Here in Lake Oswego we are blessed with the long, warm days of summer that come on the heals of the misty and rainy days of May and June. The combination, along with personal commitment to gardening, leads to a rich bounty that is currently at its abundant peak. I don’t know of a better place to see this, in all of its glory, than at the community garden at Luscher Farm.
Luscher Farm was purchased by the City of Lake Oswego between the years of 1991 and 1999. It actually consists of 5 properties that when combined have an area of 47.71 acres. The main farm, Luscher, is considered to be the most intact historic farm in Clackamas County. Originally used as a dairy farm and for cattle, it was built at the turn of the century. It is located just outside of the Southeast edge of the city at the corner of Stafford and Rosemont Roads. It is now a public park that provides both recreation and educational opportunities for learing about farming, gardening, environmental education, and community supported agriculture. And I am not talking about some hoity-toity experience where you drive up in your SUV and marvel at the cows and the chickens. I’m talking about you and your family having a plot of land where you can nurture your own harvest and get dirt under your finger nails.
The community garden is just one part of Luscher Farm, but it is a high-light, for sure.
This year there are 188 garden plots being cultivated by individuals and families. The plots are assigned by offering them to last year’s gardeners first, in November, and then any remaining plots are offered to the public in December. The demand for the plots is large, so be in the game early if you want to reserve one for next year. The prices I’m going to give are what was charged in 2009. Prices for 2010 have not been determined, so there could be an increase. But I believe that even with an increase it will still be a bargain. Prices include access to a tool shed, where they have most anything you could imagine needing, organic fertilizer at the start of the season, and water. A 10×20 plot is $47 for residents of LO and $52 for non-residents. A 20×20 plot is $67 for residents of LO and $74 for non-residents. There are also raised beds for older folks and people with disabilities who might have a hard time bending over to tend their garden. The raised beds are $37 for residents and $41 for non-residents. This fee is for the entire season and while you do have to go to your garden to do the watering, it does include the water. Along with paying your fee, you are required to give 4 hours of your time to volunteer in the garden: helping to build new plots (the garden gets expanded pretty much every year), weeding and mowing.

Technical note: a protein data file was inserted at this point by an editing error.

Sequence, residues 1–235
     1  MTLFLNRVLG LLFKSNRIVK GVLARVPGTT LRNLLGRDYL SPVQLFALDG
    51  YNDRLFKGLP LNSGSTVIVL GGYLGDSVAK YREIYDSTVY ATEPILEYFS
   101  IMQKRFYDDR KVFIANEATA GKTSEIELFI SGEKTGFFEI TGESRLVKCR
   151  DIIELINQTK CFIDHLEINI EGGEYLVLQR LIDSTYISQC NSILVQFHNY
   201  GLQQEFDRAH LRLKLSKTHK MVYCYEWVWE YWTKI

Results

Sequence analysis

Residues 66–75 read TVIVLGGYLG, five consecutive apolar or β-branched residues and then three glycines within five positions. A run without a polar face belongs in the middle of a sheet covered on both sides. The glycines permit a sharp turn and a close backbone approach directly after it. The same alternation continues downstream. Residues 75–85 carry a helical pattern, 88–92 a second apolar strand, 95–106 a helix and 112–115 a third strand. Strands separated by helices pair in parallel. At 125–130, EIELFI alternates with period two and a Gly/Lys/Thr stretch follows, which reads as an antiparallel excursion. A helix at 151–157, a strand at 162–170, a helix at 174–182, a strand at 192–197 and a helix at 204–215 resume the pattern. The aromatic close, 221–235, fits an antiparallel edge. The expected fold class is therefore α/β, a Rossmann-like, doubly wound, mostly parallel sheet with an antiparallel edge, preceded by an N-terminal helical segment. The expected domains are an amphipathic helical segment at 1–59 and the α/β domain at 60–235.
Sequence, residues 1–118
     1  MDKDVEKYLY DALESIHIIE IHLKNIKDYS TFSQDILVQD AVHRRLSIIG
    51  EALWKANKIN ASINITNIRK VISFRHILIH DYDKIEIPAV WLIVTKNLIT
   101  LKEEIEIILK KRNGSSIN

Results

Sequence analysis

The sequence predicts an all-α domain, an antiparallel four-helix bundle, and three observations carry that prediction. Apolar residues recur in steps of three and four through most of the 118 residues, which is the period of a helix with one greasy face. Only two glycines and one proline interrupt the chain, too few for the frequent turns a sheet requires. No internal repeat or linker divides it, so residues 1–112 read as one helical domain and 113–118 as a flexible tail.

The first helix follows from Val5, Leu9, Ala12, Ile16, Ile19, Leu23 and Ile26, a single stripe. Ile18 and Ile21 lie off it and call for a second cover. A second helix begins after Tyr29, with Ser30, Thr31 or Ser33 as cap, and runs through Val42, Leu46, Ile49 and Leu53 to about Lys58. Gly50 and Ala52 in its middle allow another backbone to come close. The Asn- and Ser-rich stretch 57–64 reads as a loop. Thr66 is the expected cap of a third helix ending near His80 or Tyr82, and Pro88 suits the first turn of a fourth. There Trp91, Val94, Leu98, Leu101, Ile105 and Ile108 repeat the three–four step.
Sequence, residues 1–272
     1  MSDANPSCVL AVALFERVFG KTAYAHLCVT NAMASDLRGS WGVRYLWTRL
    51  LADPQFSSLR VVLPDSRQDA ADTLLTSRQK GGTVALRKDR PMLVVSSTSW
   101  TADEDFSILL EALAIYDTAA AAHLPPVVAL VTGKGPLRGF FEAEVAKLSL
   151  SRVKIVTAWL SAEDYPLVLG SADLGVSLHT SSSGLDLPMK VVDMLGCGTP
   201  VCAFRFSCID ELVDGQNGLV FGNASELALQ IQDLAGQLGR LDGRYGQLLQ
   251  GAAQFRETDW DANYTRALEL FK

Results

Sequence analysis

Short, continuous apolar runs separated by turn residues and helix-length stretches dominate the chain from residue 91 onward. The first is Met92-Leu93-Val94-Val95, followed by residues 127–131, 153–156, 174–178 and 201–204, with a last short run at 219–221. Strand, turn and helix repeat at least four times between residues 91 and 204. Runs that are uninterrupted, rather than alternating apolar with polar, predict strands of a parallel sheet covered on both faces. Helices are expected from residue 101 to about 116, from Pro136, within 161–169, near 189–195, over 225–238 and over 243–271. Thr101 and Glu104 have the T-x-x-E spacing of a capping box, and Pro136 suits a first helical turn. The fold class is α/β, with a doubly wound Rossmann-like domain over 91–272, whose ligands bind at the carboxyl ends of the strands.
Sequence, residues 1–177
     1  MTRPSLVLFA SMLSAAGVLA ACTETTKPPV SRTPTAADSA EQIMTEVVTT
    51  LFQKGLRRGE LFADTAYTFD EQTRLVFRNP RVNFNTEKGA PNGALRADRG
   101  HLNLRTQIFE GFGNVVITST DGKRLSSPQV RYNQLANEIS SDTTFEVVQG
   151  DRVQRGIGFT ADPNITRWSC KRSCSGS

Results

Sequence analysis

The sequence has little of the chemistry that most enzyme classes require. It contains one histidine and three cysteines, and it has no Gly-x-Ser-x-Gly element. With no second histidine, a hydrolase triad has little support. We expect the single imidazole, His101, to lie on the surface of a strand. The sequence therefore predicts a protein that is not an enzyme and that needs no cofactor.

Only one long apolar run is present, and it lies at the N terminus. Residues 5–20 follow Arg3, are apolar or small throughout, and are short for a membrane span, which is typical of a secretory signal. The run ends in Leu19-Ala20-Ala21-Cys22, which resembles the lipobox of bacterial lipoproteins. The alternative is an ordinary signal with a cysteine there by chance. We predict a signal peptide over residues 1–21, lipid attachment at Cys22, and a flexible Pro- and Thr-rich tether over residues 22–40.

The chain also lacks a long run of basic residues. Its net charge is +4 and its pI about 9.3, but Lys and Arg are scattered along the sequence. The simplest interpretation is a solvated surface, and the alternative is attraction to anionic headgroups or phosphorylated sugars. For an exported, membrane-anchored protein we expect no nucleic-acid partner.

If you are not a returning gardener, but would like to have a garden plot next summer, I recommend that you call the City of Lake Oswego Parks and Recreation Department on December 1st to find out the date and time that the plots will be distributed. In the past they were given out on a first-come-first-served basis and all plots were gone within an hour or two of being offered. This year they are considering a lottery system, but that decision has not been made. The phone number for Parks and Recreation at the City of Lake Oswego is 503-697-6500.
Besides the community garden, Luscher Farm has got some other very cool offerings.
The city works in cooperation with Oregon Tilth’s Organic Education Center to operate a demonstration garden that is all about showing people biologically sound urban agriculture. It teaches about organic gardening and how to grow sustainable food.
Luscher Farm is also home to the Brewster Rogerson Clematis Collection. You know clematis? Those gorgeous vines with the unbelievably huge blossoms? We have lots of clematis in LO. Different varieties bloom at different times of the year with some even blooming in winter. If you like to garden and you live in LO, you probably know about and love clematis.
And then there is the Community Supported Agriculture program. This program consists of 12 acres that are cultivated and maintained by 47th Avenue Farms . This is a co-op farming program. It consists of 12 acres at Luscher Farms that are cultivated with a variety of vegetables for year-around consumption. These include beets, brocolli, carrots, cauliflower, chard, cilantro, garlic, greens, herbs, kale, leeks, lettuce, onion, parsley, potatoes, pumpkins, radishes, scallions, spinach, squash, and swiss chard. Yum! The produce is grown for a set number of harvest share holders. These share holders buy into the bounty, but they also buy into the risk. A late freeze or unusual storm can damage a crop. So you become a share holder in the good and the bad. Looking at the good, it means fresh grown organic produce that is locally sustainable for your palate and your good health. In the summer shareholders pick up the bounty of the crops on a weekly basis. In the late fall through early spring it is less frequent, but it still happens. I visited the wesite for 47th Avenue Farms and found discriptions of various share options, but no specific pricing. I would imagine that next year’s membership is still being formulated. There is a link to a waiting list as well as for e-mailing to get information. The website is www.47thavefarm.com .
Writing about all of the wealth of summer is making me hungry. I think it’s time to go and to steam some brocolli!